Grange Park Opera

We went last night to Tristan and Isolde, the final performance of Grange Park Opera at the Grange, before they move to a brand new grand opera house at West Horsley Place, outside Guildford and closer to London (phew !).   According to Simon Freakley, the chairman, who stood on stage before the performance, they have had 50 productions over 18 years.   Now, their lease has been terminated.   It was in some ways a sad occasion, standing on the terrace of William Wilkins’s great Greek Revival house, built for Henry Drummond in Roman cement in 1804, just after Wilkins had returned from three years travel in Greece and Asia Minor.   But Tristan and Isolde was more tragic:-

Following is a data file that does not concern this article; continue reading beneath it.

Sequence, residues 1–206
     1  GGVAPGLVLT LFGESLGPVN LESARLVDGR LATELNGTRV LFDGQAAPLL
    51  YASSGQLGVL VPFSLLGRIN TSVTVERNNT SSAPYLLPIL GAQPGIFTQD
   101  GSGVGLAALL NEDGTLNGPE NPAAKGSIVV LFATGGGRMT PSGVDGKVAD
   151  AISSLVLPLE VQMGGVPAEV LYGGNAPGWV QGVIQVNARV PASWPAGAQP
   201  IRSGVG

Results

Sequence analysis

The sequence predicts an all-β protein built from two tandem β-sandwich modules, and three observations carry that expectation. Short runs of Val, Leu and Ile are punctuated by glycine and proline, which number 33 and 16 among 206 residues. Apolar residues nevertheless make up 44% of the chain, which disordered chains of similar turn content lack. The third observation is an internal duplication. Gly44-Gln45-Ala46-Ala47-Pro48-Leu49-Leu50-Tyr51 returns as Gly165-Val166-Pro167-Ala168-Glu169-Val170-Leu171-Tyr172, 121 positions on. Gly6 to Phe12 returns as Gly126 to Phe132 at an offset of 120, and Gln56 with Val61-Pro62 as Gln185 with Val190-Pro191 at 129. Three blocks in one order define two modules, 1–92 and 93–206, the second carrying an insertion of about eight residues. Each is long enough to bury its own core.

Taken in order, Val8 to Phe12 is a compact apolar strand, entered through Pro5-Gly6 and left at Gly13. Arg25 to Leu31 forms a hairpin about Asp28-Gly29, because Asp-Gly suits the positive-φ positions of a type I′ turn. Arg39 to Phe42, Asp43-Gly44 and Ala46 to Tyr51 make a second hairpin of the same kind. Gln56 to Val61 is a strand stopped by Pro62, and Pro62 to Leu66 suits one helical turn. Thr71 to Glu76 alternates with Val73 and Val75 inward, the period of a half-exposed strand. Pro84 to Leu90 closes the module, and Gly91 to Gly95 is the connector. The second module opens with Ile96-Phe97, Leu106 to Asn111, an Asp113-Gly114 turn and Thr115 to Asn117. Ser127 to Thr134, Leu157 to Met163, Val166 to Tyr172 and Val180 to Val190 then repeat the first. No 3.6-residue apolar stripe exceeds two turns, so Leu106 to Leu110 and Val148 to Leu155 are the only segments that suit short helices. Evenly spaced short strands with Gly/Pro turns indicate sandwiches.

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The Grange (2)

There are few places more beautiful than the valley of The Grange on a summer evening, looking across the fields over the Baring’s estate with its nineteenth-century planting, some of which presumably dates back to the 1820s when Alexander Baring, the first Lord Ashburton, added the conservatory which is now the opera house.   I went for the first night of Eugene Onegin, a wonderful opera, so full of drama and tragic misunderstanding.

This is the view from the Indian tent where we drank champagne and had tea after the performance:-

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The Grange

It was my annual visit to the Grange, always a pleasure to see Wilkins’s great Greek Revival mansion;  and to find out what Wasfi has in store this year.   It was Antony McDonald’s production of Fiddler on the Roof, not merely starring, but completely dominated by Bryn Terfel, his size, beard, acting and stage presence at least as much as his voice.   It’s the first time I have ever experienced a full standing ovation:-

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